In October, in Michigan, a fever grips the fishing world. Camps are recklessly made, mostly by thoughtful men, on the banks of a river that literally boils with activity below its surface. These camps are constructed in the same frenzied pitch and hopes that will again be made for whitetail deer on November 15th – deer camp, but these are salmon camps. The Chinooks have arrived in big numbers to spawn.
It's an ancient tradition with these men that, in North America, began on the Pacific Coast with Native Americans who captured, ate, smoked fish for winter use, and pounded dried fish into pemmican, a powdery meal packed into sacks lined with fish skins and used in trade with other Indians. The superabundance of the salmon then were big, happy commerce.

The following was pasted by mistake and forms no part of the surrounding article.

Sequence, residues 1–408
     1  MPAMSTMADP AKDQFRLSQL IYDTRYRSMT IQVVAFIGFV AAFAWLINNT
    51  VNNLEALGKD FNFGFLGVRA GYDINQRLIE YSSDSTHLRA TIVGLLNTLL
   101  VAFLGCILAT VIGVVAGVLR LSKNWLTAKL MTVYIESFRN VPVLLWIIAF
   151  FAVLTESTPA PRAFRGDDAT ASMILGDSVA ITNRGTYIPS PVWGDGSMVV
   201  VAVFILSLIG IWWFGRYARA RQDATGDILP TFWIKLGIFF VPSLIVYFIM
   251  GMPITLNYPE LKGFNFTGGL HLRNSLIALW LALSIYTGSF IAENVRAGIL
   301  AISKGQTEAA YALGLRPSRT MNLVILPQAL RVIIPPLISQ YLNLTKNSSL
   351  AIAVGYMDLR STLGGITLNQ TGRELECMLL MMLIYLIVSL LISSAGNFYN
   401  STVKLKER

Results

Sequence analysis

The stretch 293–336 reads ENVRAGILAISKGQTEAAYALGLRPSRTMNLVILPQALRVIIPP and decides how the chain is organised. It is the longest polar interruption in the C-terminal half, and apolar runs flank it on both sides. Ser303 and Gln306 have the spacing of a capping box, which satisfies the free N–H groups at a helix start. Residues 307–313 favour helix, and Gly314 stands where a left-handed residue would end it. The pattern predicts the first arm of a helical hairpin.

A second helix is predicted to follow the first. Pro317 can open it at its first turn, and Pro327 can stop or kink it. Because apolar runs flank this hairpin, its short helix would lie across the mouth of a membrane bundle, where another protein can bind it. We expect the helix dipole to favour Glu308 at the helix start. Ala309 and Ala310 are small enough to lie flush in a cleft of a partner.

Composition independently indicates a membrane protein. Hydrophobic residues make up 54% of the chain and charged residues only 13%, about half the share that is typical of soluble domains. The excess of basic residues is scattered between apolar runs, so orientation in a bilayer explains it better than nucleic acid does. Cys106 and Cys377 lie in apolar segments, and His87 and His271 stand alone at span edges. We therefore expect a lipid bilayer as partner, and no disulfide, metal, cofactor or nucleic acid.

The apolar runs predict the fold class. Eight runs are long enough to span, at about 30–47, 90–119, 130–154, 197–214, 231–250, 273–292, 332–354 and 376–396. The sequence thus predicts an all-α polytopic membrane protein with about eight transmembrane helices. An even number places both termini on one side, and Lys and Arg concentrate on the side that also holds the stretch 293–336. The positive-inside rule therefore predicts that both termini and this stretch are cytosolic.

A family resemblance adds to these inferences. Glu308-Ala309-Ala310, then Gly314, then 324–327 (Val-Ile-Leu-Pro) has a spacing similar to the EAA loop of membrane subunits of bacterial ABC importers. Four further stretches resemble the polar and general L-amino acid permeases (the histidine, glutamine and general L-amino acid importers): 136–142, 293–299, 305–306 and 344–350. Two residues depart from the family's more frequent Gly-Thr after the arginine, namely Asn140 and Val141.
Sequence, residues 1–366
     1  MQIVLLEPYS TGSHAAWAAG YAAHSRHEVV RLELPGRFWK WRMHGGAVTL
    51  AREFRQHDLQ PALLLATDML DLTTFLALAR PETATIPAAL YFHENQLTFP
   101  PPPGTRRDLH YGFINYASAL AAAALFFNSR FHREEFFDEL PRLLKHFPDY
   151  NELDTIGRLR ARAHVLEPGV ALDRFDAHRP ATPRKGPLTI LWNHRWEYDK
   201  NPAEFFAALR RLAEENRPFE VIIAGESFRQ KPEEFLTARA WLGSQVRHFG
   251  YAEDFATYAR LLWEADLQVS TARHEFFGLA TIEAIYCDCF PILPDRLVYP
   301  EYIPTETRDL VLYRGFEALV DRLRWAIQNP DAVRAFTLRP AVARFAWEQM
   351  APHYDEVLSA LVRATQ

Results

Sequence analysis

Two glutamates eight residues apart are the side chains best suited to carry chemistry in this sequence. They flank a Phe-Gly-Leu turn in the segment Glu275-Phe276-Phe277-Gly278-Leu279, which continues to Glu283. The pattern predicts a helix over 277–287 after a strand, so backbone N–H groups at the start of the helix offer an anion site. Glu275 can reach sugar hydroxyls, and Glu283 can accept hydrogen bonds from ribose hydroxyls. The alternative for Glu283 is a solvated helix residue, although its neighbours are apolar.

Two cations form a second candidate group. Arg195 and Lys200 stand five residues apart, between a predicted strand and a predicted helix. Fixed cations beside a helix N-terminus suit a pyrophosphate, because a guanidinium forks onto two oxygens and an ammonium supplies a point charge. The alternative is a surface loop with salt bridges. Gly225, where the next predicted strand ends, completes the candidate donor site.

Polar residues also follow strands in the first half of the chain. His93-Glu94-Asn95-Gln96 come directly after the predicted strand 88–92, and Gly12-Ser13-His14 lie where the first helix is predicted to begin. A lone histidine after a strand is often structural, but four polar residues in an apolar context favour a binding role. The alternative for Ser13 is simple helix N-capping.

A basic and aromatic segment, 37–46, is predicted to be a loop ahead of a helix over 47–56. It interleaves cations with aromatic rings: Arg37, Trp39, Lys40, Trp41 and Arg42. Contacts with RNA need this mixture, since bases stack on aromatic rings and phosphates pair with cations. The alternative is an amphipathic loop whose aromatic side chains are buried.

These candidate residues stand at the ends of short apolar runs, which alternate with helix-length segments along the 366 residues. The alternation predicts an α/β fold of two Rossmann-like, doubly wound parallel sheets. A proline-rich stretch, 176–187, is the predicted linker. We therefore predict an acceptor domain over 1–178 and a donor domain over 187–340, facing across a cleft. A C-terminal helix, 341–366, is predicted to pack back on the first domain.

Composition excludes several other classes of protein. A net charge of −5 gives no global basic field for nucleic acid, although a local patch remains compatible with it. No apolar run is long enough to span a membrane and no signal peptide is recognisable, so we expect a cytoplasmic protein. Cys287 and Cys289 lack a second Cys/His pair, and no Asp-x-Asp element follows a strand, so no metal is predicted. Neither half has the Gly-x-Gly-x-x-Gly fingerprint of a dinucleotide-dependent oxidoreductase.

Today's fishermen go to great lengths to hook a Chinook, photograph the grip-n-grin trophy shot and, in the spirit of catch-and-release, let the fish go. Some, if the fish is fresh and silvery, will keep fish for the table where the keeping of fish is permitted. It's all big fun.
A fever that began thousands of years ago is now near its 50th year in Michigan."
Chinook, and Coho salmon were brought to Michigan's Great Lakes to patch a very ugly scar brought to the waters by the decimation of our native lake trout – the victims of overfishing and sea lampreys, with the resulting mega-abundance of forage alewives. Both salmon took to the Lakes and the alewives readily and a fever was born. A fever that began thousands of years ago is now near its 50th year in Michigan. Traditions are born this way.
Per their Pacific programing all of the salmon die by the hundreds under the sweepers, in the eddies, and on the shallow sandy banks. Not one will survive to return to the Lakes. The rivers become dark and cold again, but not for long. In December, with the running of the first winter steelheads, a new fever starts. - WES:::